Under a contract with the United States Air Force, the ULA must carry out 38 launches before 2020. Eight of them have been carried out this year. The company has 16 more RD-180 engines left. According to Alexander Zheleznyakov, an academic with the Russian Academy of Cosmonautics named for Tsiolkovsky, this was mutually beneficial as it had a positive effect on space exploration globally.

“The Americans have been using our RD-180 engines for many years and there have never been any complaints,” says Zheleznyakov. “They are making an essential economic and financial contribution to the ISS program.”

Competition, monopolies and joint ventures

RD-180 engines are used only by American launch vehicles and the discontinuation of supplies will hit Energomash hard, Moiseyev points out. “Most likely, Energomash will have to cut its staff considerably and seek budget financing or subsidies to cope with the higher prices,” says Moiseyev. He adds that Russia is using the RD-170 and the single-chamber RD-191 for its Angara launch vehicle.

In 2013, there was a competition for the RD-180 in the U.S. between the ULA and Orbital Sciences, which also wanted to buy the engines for its Antares rocket. The U.S. Federal Trade Commission launched an antimonopoly probe against the ULA, a Boeing and Lockheed Martin joint venture.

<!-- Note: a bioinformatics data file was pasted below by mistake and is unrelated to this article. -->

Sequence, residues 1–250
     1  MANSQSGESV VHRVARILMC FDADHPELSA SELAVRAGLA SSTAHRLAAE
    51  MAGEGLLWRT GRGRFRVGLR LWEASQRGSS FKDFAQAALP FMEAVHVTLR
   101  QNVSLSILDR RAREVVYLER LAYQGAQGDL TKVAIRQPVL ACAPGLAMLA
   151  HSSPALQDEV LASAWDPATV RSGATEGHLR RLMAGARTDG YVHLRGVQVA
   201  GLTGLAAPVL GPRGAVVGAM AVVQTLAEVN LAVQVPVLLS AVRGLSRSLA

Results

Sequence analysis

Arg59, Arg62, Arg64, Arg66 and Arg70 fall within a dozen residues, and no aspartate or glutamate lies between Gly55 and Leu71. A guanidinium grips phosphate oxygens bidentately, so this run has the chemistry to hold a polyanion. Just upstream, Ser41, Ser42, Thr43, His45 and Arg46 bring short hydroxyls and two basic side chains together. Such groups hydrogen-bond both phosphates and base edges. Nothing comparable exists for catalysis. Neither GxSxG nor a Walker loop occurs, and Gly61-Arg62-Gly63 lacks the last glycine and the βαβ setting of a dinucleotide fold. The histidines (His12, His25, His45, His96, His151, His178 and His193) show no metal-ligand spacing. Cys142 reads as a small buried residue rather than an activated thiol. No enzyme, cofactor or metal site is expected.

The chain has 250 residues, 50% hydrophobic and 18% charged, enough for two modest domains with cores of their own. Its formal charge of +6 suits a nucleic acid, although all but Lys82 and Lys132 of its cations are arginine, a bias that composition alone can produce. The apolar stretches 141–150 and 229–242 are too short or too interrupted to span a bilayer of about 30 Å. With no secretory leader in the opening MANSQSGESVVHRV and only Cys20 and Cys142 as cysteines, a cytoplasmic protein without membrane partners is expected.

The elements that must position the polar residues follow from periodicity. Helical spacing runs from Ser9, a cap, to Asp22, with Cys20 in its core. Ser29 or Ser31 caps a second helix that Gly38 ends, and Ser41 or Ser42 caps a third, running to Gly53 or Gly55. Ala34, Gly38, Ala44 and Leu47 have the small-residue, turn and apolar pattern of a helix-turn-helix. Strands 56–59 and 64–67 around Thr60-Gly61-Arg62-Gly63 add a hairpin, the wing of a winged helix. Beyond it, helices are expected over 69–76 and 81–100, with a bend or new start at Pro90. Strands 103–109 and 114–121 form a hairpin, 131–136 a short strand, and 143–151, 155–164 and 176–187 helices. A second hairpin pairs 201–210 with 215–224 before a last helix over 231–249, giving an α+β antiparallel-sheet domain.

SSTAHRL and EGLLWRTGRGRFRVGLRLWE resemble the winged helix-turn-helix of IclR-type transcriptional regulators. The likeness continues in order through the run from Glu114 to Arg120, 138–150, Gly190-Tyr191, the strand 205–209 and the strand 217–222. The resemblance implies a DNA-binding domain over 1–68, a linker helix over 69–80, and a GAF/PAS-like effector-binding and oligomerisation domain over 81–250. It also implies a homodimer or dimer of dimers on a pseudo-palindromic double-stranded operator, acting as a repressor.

The company was suspected of unlawfully preventing its competitors’ access to components supplied by RD Amross, a joint U.S.-Russian venture uniting Energomash and the U.S. company Pratt & Whitney Rocketdyne. The former manufactures RD-180 engines, while the latter supplies them to the ULA for Atlas V launch systems.

Orbital Sciences had to use liquid-fuelled Aerojet AJ-26 engines, a modification of the old NK-22 engines made by the Samara-based Kuznetsov Design Bureau. They were developed during the Soviet period for the super-heavy N-1 rocket, but the project was closed in the 1970s along with the Soviet lunar program.

In October 2014 an Antares launch vehicle carrying a Cygnus cargo spacecraft that was slated to deliver over two tons of cargo to the ISS exploded at launch. After that Orbital Sciences decided to discontinue the use of any Russian engines. However, on Dec. 10, the company announced that it had signed an official partnership agreement with the ULA: Cygnus spacecraft will be launched with Atlas V carrier rockets fitted with RD-180 engines.

US to Stop Using Soyuz Spacecraft, Invest in Domestic Private Space Industry – Reports

Launch of Soyuz-2 Rocket

12:28 22/08/2014 
 

MOSCOW, August 22 (RIA Novosti) – NASA is expected to sign a multibillion-dollar deal with a private company to launch US astronauts from the United States instead of paying Russia to use its Soyuz spacecraft, according to The Washington Post.